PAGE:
3 Ways The EEOC Interfered With The Rearing Of My Daughter

After filing an EEOC charge, beware of your surroundings because they change drastically. I warn you of this because enduring a fact-finding investigation will alter your life and alter your relationships drastically. If I’d known that filing a workplace violation charge would negatively affect my relationship with my daughter, I would not have filed one because the relationship between my daughter and me is my most important relationship. Therefore, the effect my workplace violation charge had on my daughter is most regrettable. Here are 3 ways the EEOC and my employer, Ohio Bureau of Workers’ Compensation (BWC), interfered with me raising my daughter:

  • In retaliation for filing a charge against my employer, the Ohio Child Support Enforcement Agency routinely withheld child support checks for months. As a single mother, I needed those checks, but the Ohio agency would withhold the checks for as much as 6 months at a time as penalty for me filing a workplace violation charge against the Ohio Bureau of Workers’ Compensation, my former employer. This increased my anxiety and plunged me further into major depression.
  • Prior to receiving disability retirement from Ohio Public Employee Retirement System (OPERS), I filed for workers’ compensation. Since I worked there, I knew exactly what was required to receive payments. Yet, my employer delayed payments in spite of medical documentation. This increased my anxiety and plunged me further into depression. I was so overwhelmed, I found it difficult to get out of bed most mornings, and I found it difficult to explain my moods to my school age daughter. I can’t tell you how many times I tried cleaning my house but lacked the energy to do so. This was embarrassing to my daughter because I wouldn’t permit her friends to visit.
  • As part of their harassment of me, the Ohio Bureau of Workers’ Compensation approached my neighbors and friends in a bid to obtain dirt on me. One neighbor asked me if I really was a prostitute. This not only angered me, but it horrified me because he said he obtained the information from BWC investigators. Since I was no longer working for BWC, I had no understanding that this was continuous retaliation.

I blame the EEOC for dereliction of duty. Had the agency performed their due diligence, the state of Ohio would have failed in its efforts to destroy me. Even though I’ve now risen from the ashes, I still feel the burn. The EEOC should have known that my employer, the state of Ohio, was continuously retaliating against me.

In the years after filing that first charge, I learned that every employee should familiarize his or herself with Title VII of the Civil Rights Act of 1964. If the employee familiarizes his or herself with the laws, they would never endure what I’ve endured. Until the next time . . .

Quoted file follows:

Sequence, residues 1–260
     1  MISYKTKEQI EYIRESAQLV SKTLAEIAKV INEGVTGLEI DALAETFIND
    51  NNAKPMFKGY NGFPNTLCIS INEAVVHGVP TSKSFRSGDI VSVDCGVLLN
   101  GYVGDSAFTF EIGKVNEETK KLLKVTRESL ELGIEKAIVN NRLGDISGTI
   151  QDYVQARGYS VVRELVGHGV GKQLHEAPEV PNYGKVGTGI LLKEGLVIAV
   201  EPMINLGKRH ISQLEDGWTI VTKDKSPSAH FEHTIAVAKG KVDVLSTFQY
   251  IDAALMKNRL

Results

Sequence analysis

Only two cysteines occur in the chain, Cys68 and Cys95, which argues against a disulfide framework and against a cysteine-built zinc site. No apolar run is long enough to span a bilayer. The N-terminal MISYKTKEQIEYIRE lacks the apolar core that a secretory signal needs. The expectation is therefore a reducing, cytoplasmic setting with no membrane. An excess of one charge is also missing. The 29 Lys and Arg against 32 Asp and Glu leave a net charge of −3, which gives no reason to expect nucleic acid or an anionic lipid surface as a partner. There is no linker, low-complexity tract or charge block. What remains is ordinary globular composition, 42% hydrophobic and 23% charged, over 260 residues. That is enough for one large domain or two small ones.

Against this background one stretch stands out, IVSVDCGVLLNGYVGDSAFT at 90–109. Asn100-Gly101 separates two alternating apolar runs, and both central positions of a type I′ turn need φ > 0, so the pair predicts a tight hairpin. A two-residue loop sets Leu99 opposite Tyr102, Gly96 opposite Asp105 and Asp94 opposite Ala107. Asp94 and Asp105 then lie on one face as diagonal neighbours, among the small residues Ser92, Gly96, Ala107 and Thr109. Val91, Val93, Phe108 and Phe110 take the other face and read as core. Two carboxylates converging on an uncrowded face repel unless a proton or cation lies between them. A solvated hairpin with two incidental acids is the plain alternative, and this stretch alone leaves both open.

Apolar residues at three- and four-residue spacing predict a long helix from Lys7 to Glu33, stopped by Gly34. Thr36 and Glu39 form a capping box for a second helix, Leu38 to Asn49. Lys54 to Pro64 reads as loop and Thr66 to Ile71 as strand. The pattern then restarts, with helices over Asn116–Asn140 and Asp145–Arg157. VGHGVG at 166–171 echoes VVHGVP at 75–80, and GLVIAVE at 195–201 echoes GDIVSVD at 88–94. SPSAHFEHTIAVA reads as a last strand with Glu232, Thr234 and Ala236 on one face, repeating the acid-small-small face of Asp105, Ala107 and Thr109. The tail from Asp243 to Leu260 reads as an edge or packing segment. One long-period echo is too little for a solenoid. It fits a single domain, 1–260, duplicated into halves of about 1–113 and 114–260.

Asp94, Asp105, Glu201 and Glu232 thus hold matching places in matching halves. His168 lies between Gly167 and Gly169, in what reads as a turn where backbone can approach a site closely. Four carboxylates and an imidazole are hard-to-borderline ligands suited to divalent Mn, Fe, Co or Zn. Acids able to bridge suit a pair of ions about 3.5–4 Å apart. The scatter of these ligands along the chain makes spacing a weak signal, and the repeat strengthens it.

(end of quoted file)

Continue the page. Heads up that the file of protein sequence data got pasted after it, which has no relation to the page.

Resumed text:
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A Letter To My Senator

This complaint involves two different charges that were processed. In the first charge filed against my former employer, Ohio Bureau of Workers’ Compensation (BWC), the charge was never closed even though I was sent a right-to-sue letter because I had hired an attorney after the bureau wrongfully terminated me. It did not take my attorney two years to file suit. It only took Jeffrie Lurie less than two months, but the magistrate dismissed the suit allegedly for expiration of the statute of limitations even though witnesses and one of my offenders admitted to sexually harassing me and making my workplace hostile. I dispute this because the last incident of continuous retaliation was the date of my termination.

Also, the EEOC ignored evidence that my former employer, BWC, in collusion with the state of Ohio conspired to interfere with and interrupt my child support checks as continuous retaliation. As a matter of fact, the Ohio Child Support Enforcement Agency withheld support for six months until I filed a complaint against the agency. The EEOC ignored the fact that the state of Ohio was continuously retaliating against me for more than a decade.

In 2006 I worked for Mercy HealthPlex and started experiencing a hostile work environment as well as sexual harassment. I learned later that the state of Ohio and Mercy HealthPlex colluded to undermine my credibility by working together and sending some of my former coworkers at BWC to harass me on my new job. I dual-filed a charge with the Ohio Civil Rights Commission and the EEOC in August 2009.